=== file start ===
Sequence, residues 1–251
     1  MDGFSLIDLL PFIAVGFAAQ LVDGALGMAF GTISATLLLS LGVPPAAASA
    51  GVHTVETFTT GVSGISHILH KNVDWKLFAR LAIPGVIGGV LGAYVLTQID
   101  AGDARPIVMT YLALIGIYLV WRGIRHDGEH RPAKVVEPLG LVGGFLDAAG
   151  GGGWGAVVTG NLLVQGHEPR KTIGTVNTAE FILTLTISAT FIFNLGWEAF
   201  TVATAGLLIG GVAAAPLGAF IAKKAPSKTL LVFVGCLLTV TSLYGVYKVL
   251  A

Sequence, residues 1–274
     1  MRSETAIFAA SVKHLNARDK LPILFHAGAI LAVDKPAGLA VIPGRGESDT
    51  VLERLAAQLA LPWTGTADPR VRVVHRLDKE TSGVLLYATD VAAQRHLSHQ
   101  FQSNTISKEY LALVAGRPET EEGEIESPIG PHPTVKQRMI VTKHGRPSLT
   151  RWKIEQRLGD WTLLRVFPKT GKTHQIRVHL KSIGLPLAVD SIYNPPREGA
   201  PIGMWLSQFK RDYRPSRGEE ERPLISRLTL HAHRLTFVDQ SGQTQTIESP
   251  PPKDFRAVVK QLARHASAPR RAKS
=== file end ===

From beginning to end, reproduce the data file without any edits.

Sequence, residues 1–251
     1  MDGFSLIDLL PFIAVGFAAQ LVDGALGMAF GTISATLLLS LGVPPAAASA
    51  GVHTVETFTT GVSGISHILH KNVDWKLFAR LAIPGVIGGV LGAYVLTQID
   101  AGDARPIVMT YLALIGIYLV WRGIRHDGEH RPAKVVEPLG LVGGFLDAAG
   151  GGGWGAVVTG NLLVQGHEPR KTIGTVNTAE FILTLTISAT FIFNLGWEAF
   201  TVATAGLLIG GVAAAPLGAF IAKKAPSKTL LVFVGCLLTV TSLYGVYKVL
   251  A

Sequence, residues 1–274
     1  MRSETAIFAA SVKHLNARDK LPILFHAGAI LAVDKPAGLA VIPGRGESDT
    51  VLERLAAQLA LPWTGTADPR VRVVHRLDKE TSGVLLYATD VAAQRHLSHQ
   101  FQSNTISKEY LALVAGRPET EEGEIESPIG PHPTVKQRMI VTKHGRPSLT
   151  RWKIEQRLGD WTLLRVFPKT GKTHQIRVHL KSIGLPLAVD SIYNPPREGA
   201  PIGMWLSQFK RDYRPSRGEE ERPLISRLTL HAHRLTFVDQ SGQTQTIESP
   251  PPKDFRAVVK QLARHASAPR RAKS